The SafeTrx Application on the mSafety wearable platform from Sony will go on sale to enterprise customers in early 2020.

Photograph: Anko Stoffels

News - November 18, 2019

Small & Mighty: GNSS On SafeTrx App On The mSafety Wearable From Sony Matches Industry Standard Navigation System

Results from recent tests of the Global Navigation Satellite Systems (GNSS) capabilities of the mSafety wearable from Sony have proven the device’s ability to match the positional accuracy of the standard nautical navigation systems widely used by commercial vessels.

The tests on the wearable were carried out during recent trials with Sociedad de Salvamento y Seguridad Marítima, Spain’s Maritime Safety and Rescue Society, to compare GNSS data recorded by the wearable inside the wheelhouse, against the patrol vessel’s mast-mounted GNSS receiver.

The image of the test track displays the location data received by both the wearable GNSS receiver (red) and the mast-mounted GNSS receiver of the lifeboat (blue). The wearable transmitted data from inside the wheelhouse in parallel with data generated via the mast- mounted GNSS receiver. This data confirms that the wearable has the capability to match the performance of a standard, trusted nautical navigation system used by many commercial vessel operators around the world.

Over the course of the three-hour test off the coast of Barcelona, the patrol-boat’s navigation data was transmitted over VHF to the Spanish AIS system, while data from the wearable was relayed over the local LTE Cat-M1 network to the SafeTrx server.

Salvamento Marítimo CTO, Jorge Martínez, who coordinated this demonstration, commented during the debriefing:

‘For no doubt, this is a disruptive technology for recreational navigation users like boaters, windsurfers, kayakers, or open water swimmers.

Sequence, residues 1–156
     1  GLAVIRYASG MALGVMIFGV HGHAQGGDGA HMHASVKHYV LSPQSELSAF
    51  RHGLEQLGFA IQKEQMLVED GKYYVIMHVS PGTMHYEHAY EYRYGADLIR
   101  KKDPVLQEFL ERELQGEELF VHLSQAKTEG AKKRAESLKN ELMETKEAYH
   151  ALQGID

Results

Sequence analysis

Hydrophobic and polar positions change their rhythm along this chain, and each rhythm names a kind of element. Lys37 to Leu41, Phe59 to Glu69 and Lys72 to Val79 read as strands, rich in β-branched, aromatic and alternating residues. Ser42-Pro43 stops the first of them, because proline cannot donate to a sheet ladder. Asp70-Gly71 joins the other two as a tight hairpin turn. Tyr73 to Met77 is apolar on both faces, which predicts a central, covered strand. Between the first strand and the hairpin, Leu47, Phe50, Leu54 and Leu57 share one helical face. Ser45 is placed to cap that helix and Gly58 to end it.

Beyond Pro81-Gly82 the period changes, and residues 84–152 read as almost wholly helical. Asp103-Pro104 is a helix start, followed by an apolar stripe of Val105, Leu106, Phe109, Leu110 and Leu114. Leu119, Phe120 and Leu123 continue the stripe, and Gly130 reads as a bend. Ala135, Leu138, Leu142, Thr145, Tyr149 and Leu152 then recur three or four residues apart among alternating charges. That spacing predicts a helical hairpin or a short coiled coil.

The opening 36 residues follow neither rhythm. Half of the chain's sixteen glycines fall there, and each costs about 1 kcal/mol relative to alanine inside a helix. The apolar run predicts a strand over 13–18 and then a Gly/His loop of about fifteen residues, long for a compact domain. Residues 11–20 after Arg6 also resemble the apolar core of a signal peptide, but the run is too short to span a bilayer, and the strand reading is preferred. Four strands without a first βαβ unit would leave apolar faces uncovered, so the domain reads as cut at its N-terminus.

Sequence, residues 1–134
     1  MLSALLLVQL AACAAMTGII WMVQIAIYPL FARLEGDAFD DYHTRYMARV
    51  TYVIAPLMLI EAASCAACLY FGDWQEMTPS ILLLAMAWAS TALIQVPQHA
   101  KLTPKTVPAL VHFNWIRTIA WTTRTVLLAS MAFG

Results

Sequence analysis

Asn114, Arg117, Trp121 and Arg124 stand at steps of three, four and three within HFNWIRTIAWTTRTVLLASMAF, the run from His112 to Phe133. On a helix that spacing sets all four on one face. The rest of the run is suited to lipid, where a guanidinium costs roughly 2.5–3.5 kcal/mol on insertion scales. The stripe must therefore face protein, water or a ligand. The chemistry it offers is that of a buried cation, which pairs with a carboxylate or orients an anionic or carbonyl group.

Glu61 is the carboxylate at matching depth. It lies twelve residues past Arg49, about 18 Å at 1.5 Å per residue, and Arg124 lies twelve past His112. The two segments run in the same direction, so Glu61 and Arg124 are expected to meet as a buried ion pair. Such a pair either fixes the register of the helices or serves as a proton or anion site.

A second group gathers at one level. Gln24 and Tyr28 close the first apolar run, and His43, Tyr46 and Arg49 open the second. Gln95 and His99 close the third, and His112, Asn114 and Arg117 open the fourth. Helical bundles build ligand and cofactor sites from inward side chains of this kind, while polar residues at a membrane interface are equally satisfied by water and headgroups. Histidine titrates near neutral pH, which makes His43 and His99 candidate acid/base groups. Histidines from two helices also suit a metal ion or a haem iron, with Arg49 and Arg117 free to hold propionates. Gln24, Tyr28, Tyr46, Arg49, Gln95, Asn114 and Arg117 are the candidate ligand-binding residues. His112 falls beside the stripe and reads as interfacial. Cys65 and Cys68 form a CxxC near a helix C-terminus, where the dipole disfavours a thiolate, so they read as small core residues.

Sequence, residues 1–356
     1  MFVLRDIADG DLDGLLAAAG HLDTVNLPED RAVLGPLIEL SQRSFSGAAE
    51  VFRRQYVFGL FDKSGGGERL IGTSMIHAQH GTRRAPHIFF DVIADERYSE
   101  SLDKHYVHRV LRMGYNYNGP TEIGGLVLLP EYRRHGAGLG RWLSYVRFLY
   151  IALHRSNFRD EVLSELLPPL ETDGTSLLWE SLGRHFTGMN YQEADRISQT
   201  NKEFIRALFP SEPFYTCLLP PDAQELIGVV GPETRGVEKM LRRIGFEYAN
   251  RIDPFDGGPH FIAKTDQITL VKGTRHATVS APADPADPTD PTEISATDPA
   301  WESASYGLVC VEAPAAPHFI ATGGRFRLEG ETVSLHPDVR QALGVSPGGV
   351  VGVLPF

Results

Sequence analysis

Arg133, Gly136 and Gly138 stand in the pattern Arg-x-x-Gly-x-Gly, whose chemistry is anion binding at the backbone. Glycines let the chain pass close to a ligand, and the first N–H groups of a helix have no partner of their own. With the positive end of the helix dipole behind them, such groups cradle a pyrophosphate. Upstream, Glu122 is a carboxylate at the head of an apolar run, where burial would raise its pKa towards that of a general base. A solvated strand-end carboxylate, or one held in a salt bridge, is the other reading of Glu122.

Devices like mSafety from Sony in combination with SafeTrx will improve first responders operations adding endurance, high accuracy position and time data, which is quite impressive considering the size and weight of the device, but the great difference here is the biometric data. Including real time heart rate and stress level among other vital information takes responders like Salvamento Marítimo to a next level of competency.

In the near future, our own rescue crews could be using this device as a professional tracking device, in case of an emergency, as a complement of the personal radio beacon.’

SafeTrx CEO John Murphy described the performance of the wearable’s receiver as outstanding.

‘The test emphasised the positional accuracy of the wearable technology to match that of commercially available navigation systems.

It brings this level of tracking accuracy within the grasp of all water users. Whether you are jumping the waves on your kiteboard or rushing to the scene of an accident in a lifeboat, the wearable provides a level of comfort to the user knowing that a GNSS position is being continually and accurately tracked.